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Elementary Lessons in Logic

  • Elementary Lessons in Logic
March 9, 2010

Tags Calculation and KnowledgePhilosophy and Methodology

Henry Hazlitt strongly recommended this book for all students of the social sciences. It had a formative influence on his life. In fact, it is the book that taught him how to think.

And not only Hazlitt. William Stanley Jevons's book was the seminal contribution that educated many generations of English and American scholars that crucial discipline of logic. It teaches the rules for thinking. Now, this was a subject that every student once had to take, and not in college but quite early in life, and certainly by high school.

No more. Today, it is widely assumed that there is no structure of thinking that is worth studying. And perhaps that explains why serious thinking is so rare. It is nothing short of astonishing that most people go all the way through school with no exposure to logic at all.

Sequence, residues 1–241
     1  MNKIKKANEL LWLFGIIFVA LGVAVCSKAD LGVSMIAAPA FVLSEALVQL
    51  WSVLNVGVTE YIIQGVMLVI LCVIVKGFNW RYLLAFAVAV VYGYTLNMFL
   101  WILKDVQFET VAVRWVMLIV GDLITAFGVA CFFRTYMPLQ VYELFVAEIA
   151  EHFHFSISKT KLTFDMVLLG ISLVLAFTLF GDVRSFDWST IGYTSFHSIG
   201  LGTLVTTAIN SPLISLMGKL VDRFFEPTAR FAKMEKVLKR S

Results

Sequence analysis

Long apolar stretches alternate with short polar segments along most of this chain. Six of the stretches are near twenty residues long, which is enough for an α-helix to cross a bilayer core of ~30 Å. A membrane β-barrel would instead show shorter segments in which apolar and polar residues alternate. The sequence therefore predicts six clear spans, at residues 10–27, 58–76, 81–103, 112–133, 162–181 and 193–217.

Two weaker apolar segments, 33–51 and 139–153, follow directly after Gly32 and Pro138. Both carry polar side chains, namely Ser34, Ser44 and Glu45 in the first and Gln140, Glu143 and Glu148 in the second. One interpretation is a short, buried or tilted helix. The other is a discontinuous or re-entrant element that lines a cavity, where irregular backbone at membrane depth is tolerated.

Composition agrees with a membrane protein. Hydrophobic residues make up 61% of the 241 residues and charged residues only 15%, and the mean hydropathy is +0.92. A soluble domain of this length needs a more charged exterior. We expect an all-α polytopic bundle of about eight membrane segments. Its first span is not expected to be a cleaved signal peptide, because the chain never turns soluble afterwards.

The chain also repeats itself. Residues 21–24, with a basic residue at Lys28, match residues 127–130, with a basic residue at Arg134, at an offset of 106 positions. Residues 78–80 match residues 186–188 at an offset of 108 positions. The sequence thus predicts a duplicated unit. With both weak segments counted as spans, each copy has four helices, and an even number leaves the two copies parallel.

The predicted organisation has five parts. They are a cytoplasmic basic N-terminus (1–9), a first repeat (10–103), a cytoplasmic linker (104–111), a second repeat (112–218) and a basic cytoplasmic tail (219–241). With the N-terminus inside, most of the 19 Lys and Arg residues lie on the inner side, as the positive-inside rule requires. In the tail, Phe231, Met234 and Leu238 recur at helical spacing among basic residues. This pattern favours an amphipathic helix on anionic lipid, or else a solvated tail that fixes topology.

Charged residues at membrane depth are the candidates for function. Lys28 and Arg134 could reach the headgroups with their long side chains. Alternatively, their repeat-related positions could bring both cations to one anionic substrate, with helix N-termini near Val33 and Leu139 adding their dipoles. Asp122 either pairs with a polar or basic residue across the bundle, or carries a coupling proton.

We've long looked for a good text to bring into print. Jevons, one of the architects of the Marginal Revolution, is a great choice.

To be sure, this book is not easy. It takes patience and discipline. It offers a great challenge to anyone. However, if you can go through the book and learn from it, you will have a massive advantage over colleagues, most of whom have never studied this area.

Does it make sense that an economics publishers would bring out a book on logic? Certainly it does from a Misesian point of view. Logic is the method of economic thinking. Without it, indeed, economic theory is not possible.

 

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References

Mises Institute, 2010